Redwave installs paper recycling system in Germany

Redwave installs paper recycling system in Germany

Using two sorting lines, the ROWE Nuremberg plant prepares about 25 metric tons of paper per hour.

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June 27, 2017
RTGE Staff
Equipment & Products

Austria-based Redwave has announced the installation of its Process Monitoring and Control System (PMCS) at ROWE GmbH, a paper recycling company based in Nuremberg, Germany.

Redwave says the PMCS “allows maximum automation of systems as well as optimisation of the entire sorting process.” The system, which is increasingly being used throughout Europe, can be retrofitted to all types of sorting systems with Redwave sorting machines for total system control, the manufacturer says.

Redwave says of ROWE Nuremberg, “The direction forward in Nuremberg is set for the highest quality standards in the field of waste paper sorting for household waste. To meet the steadily increasing demands on deinking cleanliness and efficiency, ROWE GmbH in Nuremberg decided to fundamentally renew the existing waste paper sorting system and to bring it in line with state-of-the-art technology.”

Installed in early 2017, Redwave says the PMCS optimization control technology continuously uses the material data of the near-infrared sorters online and gives a visualization of the changes in material quality on its display screen. The material flow is monitored automatically and makes peaks in change of material or process disturbances immediately visible, the company says. The plant operator can now act and apply corrections immediately, if it is judged that product quality will be negatively affected. ROWE achieves a consistently high output quality, even with fluctuating input, according to Redwave.

Using two sorting lines, the ROWE plant prepares about 25 metric tons of scrap paper per hour to produce pure-grade paper fractions. The sorting system is equipped with cardboard and fine screens for separation of cardboard and small contaminants. Through the use of a specially developed intermediate bunker, the usual fluctuations in the input material are compensated for by the variable, large-area cardboard fraction, Redwave says. The downstream sorting units can be optimally fed at all times.

Karlheinz Mankus, plant manager of the ROWE GmbH plant, says, “Previously, building a plant for 200 [metric] tons a month was just about conceivable. Now we do this in our lunch break.”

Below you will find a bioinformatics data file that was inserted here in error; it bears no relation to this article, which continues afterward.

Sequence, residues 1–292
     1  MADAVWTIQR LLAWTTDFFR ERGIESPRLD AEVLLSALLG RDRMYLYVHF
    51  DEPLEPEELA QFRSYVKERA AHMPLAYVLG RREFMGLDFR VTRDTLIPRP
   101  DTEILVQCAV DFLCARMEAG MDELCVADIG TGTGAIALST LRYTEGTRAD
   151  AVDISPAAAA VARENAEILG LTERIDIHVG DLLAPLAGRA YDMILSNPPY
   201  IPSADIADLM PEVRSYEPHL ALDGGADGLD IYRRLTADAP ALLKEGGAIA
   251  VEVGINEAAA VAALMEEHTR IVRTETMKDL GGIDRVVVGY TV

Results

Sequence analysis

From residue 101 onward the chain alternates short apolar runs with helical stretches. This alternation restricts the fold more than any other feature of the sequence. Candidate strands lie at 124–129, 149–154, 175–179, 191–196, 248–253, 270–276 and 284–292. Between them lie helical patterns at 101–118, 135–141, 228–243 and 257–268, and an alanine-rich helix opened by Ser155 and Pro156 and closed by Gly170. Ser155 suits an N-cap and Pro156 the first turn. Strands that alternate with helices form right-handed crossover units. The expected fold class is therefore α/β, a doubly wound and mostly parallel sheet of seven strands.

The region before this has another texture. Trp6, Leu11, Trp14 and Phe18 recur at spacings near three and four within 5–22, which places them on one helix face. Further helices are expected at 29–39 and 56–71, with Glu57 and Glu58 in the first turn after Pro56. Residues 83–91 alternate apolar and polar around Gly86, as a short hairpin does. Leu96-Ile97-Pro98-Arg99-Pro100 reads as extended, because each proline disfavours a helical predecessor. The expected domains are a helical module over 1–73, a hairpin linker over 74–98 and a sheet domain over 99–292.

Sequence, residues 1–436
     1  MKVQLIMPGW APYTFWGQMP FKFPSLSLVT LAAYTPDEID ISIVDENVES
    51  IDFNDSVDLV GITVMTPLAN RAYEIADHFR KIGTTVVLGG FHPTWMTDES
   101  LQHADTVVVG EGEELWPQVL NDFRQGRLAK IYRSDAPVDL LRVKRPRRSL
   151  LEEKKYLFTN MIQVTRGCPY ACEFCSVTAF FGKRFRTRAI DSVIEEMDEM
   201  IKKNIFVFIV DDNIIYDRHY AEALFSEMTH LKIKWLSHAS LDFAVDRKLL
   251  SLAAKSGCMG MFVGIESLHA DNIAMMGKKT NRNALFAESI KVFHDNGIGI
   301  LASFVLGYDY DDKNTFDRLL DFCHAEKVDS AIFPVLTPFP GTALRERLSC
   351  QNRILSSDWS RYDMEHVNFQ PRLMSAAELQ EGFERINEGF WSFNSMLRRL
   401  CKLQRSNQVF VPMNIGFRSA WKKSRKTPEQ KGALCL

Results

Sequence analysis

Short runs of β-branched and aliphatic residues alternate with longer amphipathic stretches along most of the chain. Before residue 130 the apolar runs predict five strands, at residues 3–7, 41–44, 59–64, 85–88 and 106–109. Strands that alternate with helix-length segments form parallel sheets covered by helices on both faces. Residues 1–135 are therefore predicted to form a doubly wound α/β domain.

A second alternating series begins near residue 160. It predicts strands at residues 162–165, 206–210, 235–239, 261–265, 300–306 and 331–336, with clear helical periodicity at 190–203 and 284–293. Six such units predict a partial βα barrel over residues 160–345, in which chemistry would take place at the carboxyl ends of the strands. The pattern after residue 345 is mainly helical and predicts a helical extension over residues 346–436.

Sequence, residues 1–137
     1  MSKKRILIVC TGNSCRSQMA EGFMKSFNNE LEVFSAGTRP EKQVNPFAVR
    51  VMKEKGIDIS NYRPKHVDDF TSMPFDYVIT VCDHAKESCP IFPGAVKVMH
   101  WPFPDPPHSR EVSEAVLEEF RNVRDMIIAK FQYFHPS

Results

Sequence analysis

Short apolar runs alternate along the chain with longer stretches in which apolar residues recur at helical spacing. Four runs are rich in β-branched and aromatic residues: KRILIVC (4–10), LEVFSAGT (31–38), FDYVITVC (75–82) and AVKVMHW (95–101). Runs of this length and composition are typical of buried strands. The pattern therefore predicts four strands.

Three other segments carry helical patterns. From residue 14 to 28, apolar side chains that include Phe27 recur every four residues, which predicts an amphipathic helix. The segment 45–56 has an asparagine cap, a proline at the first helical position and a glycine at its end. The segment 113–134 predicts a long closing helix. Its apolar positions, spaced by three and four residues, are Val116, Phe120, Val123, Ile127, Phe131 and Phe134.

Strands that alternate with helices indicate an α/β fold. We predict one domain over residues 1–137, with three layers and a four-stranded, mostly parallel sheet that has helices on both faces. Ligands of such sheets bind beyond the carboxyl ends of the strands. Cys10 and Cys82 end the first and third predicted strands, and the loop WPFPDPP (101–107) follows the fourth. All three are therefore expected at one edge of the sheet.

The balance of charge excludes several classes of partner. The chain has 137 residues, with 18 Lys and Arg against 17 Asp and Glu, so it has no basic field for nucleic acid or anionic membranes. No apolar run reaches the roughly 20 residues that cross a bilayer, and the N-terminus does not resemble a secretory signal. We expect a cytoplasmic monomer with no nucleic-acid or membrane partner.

Angela Hanke, managing director of Entsorgungstechnik BAVARIA GmbH, the plant builder at ROWE, says, “It was a bold but absolutely forward-thinking step that ROWE GmbH, Nuremberg, took when deciding to completely overhaul its waste paper sorting system. As a result, one of the most advanced paper sorting systems in Europe has been developed. Using a moisture measurement system from BAVARIA and the PMCS system from Redwave, ROWE has access to the latest grades of deinking at all times.”

Hanke continues, “Due to the ingenious plant concept from Entsorgungstechnik Bavaria GmbH, ROWE can react quickly to changes within minutes and can, therefore, always maintain a consistently high quality level, independent of fluctuations in input. This is a real innovation in the sector and has become an indispensable tool for ROWE.”

After further mechanical separation of medium cardboard, a Redwave sorting machine is installed in each line, which separates brown, gray and printed cardboard, as well as contaminants such as Tetra Pak containers and plastics from the deinking material by means of near-infrared (NIR) technology. A variety of sorting programs can be flexibly, quickly and easily set, the company says. Furthermore, the software of the sorting machine programs can be readily “taught” and expanded at any time according to market demand or customer requirements, Redwave says.

A third Redwave sorting system ensures high output rates and takes over the postsorting of the spilled contaminant fractions. This machine performs a type of monitoring function and is responsible for returning deinking from the output streams of the optical sorting machines to the paper cycle as part of a positive resorting stage. The deinking rate can be increased by several percent.

ROWE Managing Director Christian Ascherl-Landauer adds, “As a service partner for the city of Nuremberg, the local region and the paper industry, it is part of our obligation to continuously come forward with technology innovation and approaches that are sustainable. The direction for the future of waste paper sorting has now been set, so that ROWE GmbH can continue to be a significant partner for the paper industry. Due to the long-standing cooperation and trust developed with Redwave and Entsorgungsstechnik Bavaria, we wanted to implement this large-scale project together. We have received excellent and ongoing support from initial planning to final assembly.”